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AHDB’s new marketing campaign to feature the jacket potato

AHDB Potatoes will launch a new marketing campaign this February, with the amazing jacket potato at its heart. The versatility and adaptability of baked potatoes is the focal point of the latest wave of marketing activity, with Britons encouraged to extend the teatime favourite to a hot lunchtime alternative. ‘The New Packed Lunch’ campaign will run for a six-week period from 1 February 2021, using a suite of new digital adverts to gain maximum reach.

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AHDB applies for Emergency Authorisations after Vydate ban

Following an announcement that nematode treatment Vydate 10g has not been re-authorised and as of 1 January this year it is no longer approved for use in the UK, the Agriculture and Horticulture Development Board has applied for emergency approval to provide limited use of the product for the 2021 growing season. Following consultation with stakeholders AHDB submitted requests for emergency approvals for those Vydate uses where growers lack alternative pest control options.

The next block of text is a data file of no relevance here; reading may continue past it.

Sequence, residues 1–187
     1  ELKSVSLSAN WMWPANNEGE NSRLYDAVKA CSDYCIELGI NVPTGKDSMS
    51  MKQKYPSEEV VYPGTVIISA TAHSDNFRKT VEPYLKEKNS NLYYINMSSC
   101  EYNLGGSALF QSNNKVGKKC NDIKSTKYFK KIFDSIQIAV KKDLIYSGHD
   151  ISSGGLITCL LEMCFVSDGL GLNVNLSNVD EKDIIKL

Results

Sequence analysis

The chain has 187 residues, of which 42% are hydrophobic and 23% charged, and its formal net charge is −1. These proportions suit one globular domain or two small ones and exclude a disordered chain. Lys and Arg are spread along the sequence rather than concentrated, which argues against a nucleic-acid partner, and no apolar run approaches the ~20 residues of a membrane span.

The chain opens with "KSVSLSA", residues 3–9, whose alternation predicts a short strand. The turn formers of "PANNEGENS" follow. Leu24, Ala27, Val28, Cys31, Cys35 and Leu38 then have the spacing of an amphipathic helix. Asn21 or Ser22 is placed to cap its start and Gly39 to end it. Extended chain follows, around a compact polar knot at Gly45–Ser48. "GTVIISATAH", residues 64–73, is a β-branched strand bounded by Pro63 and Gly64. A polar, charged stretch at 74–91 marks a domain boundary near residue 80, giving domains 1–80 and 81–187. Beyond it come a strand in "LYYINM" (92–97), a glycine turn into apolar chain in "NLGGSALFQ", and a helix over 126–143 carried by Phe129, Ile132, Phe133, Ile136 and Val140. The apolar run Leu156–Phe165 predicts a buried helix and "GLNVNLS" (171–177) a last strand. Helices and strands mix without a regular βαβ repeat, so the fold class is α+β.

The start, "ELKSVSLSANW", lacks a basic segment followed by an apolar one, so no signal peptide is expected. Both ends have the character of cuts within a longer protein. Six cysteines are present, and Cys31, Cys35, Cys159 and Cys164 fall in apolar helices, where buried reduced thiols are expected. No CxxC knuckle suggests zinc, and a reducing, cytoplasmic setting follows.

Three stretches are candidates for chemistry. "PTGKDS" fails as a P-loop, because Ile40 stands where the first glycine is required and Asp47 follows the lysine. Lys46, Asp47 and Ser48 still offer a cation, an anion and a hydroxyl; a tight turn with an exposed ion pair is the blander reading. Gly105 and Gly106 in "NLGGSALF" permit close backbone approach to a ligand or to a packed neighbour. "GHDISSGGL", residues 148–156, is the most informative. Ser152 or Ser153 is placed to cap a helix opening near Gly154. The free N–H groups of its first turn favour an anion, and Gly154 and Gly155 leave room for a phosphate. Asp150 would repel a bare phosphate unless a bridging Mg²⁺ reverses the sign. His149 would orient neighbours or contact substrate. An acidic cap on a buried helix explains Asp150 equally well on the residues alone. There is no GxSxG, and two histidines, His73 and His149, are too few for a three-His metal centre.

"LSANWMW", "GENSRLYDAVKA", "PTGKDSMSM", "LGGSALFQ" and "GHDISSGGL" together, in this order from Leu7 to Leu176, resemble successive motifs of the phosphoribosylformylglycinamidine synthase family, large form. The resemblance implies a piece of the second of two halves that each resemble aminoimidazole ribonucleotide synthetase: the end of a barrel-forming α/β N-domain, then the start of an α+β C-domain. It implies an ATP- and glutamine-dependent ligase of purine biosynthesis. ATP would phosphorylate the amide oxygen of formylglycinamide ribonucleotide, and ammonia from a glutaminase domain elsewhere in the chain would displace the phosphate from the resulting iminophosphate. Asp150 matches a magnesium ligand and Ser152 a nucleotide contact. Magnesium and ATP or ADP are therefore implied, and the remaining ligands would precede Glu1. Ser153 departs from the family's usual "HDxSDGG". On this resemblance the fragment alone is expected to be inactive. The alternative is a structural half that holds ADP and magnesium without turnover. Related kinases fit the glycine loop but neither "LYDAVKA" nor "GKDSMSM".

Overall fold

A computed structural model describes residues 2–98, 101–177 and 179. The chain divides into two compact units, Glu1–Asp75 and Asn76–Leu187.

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Dietary Guidelines for Americans: ‘Make every bite count with potatoes’

Potatoes help support the Dietary Guidelines for Americans’ recommendation for increased nutrient-dense vegetable consumption. Says John Toaspern, Potatoes USA Chief Marketing Officer: “It’s official: the latest Dietary Guidelines for Americans have yet again confirmed the importance of eating more vegetables such as potatoes that provide potassium and vitamin C. The 2020-2025 Dietary Guidelines for Americans recommendations focus on increased nutrient-dense vegetable consumption.